Oracle gives up OpenOffice

By on April 21, 2011
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Tech giant to hand over code to the open community.

Oracle yesterday announced it will be dropping the OpenOffice application suite from its commercial offering, and handing the code to the open source community.

The moves comes after a tiff between Oracle and the developers of the software, which prompted them to quit and setup their own company called The Document Foundation. It offers its own office suite called LibreOffice, based on the same code as OpenOffice.

“Given the breadth of interest in free personal productivity applications, and the rapid evolution of personal computing technologies, we believe the project would be best managed by an organisation focused on serving that broad constituency on a non-commercial basis,” said Edward Screven, Oracle’s chief corporate architect.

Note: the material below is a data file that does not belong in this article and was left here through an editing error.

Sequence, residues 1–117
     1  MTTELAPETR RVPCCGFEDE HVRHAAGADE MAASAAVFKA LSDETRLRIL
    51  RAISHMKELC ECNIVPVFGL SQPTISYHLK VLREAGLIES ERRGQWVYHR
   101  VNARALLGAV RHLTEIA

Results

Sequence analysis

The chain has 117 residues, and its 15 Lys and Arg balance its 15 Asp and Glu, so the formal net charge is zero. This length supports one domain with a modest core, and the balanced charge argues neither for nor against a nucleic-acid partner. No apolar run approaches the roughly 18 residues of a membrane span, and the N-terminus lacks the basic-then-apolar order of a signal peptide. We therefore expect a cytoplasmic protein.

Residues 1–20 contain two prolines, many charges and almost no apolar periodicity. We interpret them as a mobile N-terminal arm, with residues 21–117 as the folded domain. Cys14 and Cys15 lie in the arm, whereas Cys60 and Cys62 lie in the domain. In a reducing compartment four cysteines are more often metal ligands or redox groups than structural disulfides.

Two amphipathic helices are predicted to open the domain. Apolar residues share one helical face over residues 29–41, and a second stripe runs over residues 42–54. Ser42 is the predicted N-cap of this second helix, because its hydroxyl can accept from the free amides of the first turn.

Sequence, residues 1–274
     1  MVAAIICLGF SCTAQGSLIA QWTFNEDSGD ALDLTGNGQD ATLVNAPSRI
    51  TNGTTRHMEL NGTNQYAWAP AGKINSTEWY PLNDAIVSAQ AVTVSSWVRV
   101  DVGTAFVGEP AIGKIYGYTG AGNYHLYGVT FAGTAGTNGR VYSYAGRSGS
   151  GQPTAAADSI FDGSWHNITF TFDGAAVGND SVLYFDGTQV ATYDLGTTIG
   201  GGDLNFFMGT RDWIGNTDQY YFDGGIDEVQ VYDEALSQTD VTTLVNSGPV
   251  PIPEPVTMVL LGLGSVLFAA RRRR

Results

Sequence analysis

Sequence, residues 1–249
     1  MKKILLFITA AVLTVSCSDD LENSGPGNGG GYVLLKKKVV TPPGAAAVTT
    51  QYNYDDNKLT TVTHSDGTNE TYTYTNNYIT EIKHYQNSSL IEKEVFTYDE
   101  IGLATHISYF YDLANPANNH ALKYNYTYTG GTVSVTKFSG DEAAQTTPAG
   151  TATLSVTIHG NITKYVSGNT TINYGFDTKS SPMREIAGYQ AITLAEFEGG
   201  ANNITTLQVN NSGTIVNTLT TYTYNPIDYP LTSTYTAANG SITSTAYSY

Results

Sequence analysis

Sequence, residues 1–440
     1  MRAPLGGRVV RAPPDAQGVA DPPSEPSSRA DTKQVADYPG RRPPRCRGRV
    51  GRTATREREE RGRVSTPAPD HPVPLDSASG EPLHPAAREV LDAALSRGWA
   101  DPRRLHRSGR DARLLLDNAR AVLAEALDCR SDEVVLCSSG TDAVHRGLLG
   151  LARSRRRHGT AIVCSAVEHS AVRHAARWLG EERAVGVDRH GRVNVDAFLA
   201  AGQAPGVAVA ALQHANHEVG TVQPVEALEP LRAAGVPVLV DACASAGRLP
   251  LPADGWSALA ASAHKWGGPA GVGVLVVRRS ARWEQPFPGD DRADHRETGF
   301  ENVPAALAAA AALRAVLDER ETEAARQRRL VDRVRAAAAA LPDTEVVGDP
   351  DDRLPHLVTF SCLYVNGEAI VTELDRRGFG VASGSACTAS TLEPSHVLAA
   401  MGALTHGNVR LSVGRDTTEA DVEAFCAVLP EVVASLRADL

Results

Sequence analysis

“We intend to begin working immediately with community members to further the continued success of OpenOffice. Oracle will continue to strongly support the adoption of open standards-based document formats, such as the Open Document Format [ODF].”

LibreOffice is, of course, freely available and currently stands at v3.3.2. It packs in six applications: Writer, Calc, Impress, Draw and Base and Math editors. It is available for Windows, Mac, and Linux.


Mufaddal Fakhruddin is the Editor for IGN ME and thinks writing in third person about himself in an about me section is weird.

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